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Brewers' management looking toward brighter future

MILWAUKEE, Wis. -- As tailgaters piled in early to the parking lots surrounding Miller Park on Monday, inside the stadium the Milwaukee Brewers' brass had to confront questions about expectations for the team. After a winter in which the Brewers turned over half of their 40-man roster and cut more than $40 million from their 2015 Opening Day payroll, team owner Mark Attanasio and general manager David Stearns clearly didn’t feel they have anything to apologize for.

“We’ve never had a season like this, where we’re going to be focused on players and player development,” Attanasio said. “[Manager] Craig Counsell has said it’s very exciting to be at the ground floor of something. We all know we’re at the beginning of something here, and we’ll all be able to look back at this and say, ‘I remember when,’ and that’s actually fun. It may not be fun at some points of the season -- I think David’s looking a little skittish at that -- but it’s fun.”

Stearns added, “We’re looking at the continuing evolution and formation of our young core of talent. And that’s, from my perspective, what this comes down to. Some of that is going to take place at the major league level, some of that is going to take place at the minor league level. ... We still have a lot of work to do.”

Critics might suggest the Brewers have joined the ranks of teams tanking at the big-league level to gain better draft position. But Stearns and Attanasio were quick to suggest their fans are willing to support what they’re doing, having seen successful rebuilding efforts produce some of baseball’s most successful current teams.

“I don’t really feel as if I have to sell anything to our fans,” Stearns said of his initial rebuilding efforts after taking over as GM in September 2015. “Our fans are extremely knowledgeable; the vast majority of them that I’ve interacted with during my time here understand what we’re doing, they understand the game, they understand the cycles some teams go through. They’ve looked around baseball and they’ve seen what the Cubs have done, what the Royals have done, what the Mets have done, what the Astros have done, and they understand that in order to compete consistently, year in and year out, you need a strong base of young talent that’s constantly regenerated and constantly replenishing the major league team.”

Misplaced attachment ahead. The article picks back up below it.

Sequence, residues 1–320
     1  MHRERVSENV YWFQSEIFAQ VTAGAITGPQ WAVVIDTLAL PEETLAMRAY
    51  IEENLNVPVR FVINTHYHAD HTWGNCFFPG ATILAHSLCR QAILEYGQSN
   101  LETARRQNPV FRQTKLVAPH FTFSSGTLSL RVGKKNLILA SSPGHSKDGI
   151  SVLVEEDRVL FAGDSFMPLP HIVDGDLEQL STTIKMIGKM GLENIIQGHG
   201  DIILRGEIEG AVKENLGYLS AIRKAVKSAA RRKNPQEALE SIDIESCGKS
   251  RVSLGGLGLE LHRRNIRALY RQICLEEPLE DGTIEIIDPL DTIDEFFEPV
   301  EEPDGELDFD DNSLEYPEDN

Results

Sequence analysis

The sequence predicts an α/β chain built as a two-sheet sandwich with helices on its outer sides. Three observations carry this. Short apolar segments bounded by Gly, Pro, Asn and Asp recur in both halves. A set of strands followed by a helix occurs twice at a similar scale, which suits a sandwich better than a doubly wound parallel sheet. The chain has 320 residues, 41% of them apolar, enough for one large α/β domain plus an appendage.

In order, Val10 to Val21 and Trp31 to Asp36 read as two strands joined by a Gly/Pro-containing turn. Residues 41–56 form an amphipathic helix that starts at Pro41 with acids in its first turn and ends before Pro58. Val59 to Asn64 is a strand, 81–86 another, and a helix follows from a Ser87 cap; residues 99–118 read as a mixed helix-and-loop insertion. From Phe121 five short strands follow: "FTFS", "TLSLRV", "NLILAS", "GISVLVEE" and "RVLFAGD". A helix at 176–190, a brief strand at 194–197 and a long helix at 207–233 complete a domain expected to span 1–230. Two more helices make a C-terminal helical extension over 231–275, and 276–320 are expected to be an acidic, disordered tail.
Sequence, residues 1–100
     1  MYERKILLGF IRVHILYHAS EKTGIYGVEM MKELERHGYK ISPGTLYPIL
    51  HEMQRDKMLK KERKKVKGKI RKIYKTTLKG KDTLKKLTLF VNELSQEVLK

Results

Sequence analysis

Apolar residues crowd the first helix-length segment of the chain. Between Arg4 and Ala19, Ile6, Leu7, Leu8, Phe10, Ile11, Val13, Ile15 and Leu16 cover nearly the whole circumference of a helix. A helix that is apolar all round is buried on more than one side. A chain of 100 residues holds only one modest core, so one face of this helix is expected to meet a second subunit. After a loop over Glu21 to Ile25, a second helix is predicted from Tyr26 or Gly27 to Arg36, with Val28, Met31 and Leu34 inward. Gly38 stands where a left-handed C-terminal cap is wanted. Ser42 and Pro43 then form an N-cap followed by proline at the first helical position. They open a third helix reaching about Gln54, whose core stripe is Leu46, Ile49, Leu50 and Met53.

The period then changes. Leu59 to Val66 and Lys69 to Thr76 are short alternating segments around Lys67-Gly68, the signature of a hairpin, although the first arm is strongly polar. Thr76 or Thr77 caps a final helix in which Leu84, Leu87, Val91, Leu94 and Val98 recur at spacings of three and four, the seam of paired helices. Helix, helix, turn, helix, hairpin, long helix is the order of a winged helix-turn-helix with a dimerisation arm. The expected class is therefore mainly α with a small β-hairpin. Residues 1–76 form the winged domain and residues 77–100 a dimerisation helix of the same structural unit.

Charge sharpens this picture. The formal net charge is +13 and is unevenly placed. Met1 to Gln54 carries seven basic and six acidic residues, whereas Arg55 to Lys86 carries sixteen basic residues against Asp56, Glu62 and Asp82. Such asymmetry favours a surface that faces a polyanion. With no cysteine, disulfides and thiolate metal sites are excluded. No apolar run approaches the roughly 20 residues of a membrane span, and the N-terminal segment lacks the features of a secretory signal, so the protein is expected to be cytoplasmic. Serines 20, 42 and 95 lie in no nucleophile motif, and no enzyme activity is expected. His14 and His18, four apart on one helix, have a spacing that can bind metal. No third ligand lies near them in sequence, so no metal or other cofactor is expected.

“When I came to our fan event in January, I was very pleasantly surprised our fans had embraced what we’re doing,” Attanasio said, before adding his own compliments to the team’s fans. “They’re very sophisticated, this group of fans, so I’m not surprised they understood it. I know they want to win as much as I want to win, and I was pleased they were willing to work with us. We expect very good attendance this year, and we have a record number of corporate sponsorships. Companies are spending their hard-earned dollars with us, tying their brands to our brand. That’s telling in a year like this.”

This year’s payroll cutbacks are a particularly obvious area of concern and serve as another clear indication the Brewers aren’t all-in in 2016. The Brewers’ 2016 Opening Day payroll of $63.9 million for the active 25-man roster is more than $40 million less than the $104.2 million committed a year ago. Asked about the cutback in expenditures, Attanasio’s response reflected the rebuild wasn’t a matter of financial limitations as much as a commitment to start with a new core of talent.

“I’m not ducking the question," Attanasio said. "I haven’t done the math because we, the ownership group for many, many years now, we have not set a budget. We really just expand or contract to what we’re trying to do. But since it is a zero-sum game, by the time we’re trying to compete again, or compete very seriously again -- Craig Counsell hates when I say things like that, says ‘We’re going to compete right now’ -- any dollars we quote ‘save’ now, can be used.”

Stearns also noted that as the Brewers’ current crew matures and succeeds at the major league level, payroll would naturally grow as they accrued service time. All of which may lead to low expectations for the time being, but Stearns threw a little bit of cold water on the suggestion there’s even a timeline for a turnaround.

“Timelines are dangerous, because you can both oversell and undersell your group -- your current group, your future group. We’re not going to put any limits on any team in any year, and that includes this team this year. We’re excited about this group of players we have in this clubhouse right now,” Stearns said. “We’re also excited about the next wave of talent and frankly the talent that’s coming behind that, that will be able in future years to complement this group. Whenever our group of players that are in that clubhouse demonstrate to us that we can compete consistently year in and year out for a playoff push, that’s what the timeline is going to be.”

“It’s a first for me, as I dial back,” Attanasio said about the rebuilding effort, before sharing a bit of perspective from where his experience owning the Brewers has taken him. “You always know when you’re talking a lot about history that there’s not a lot to talk about now, so you want to be careful about that. But in 2005, there was a lot of question about whether our payroll was going to get to $40 million number, and a lot of question about when we would get to .500, because we had not been at .500 for 12 years at that point. So that was very goal-driven, and even though we had a terrific young core of players, the focus was on getting to .500. Now, because our focus is getting back to the playoffs, it’s a whole different focus. It’s actually a loftier focus, because it’s really imperative that we become a playoff team again.”

Christina Kahrl writes about MLB for ESPN. You can follow her on Twitter.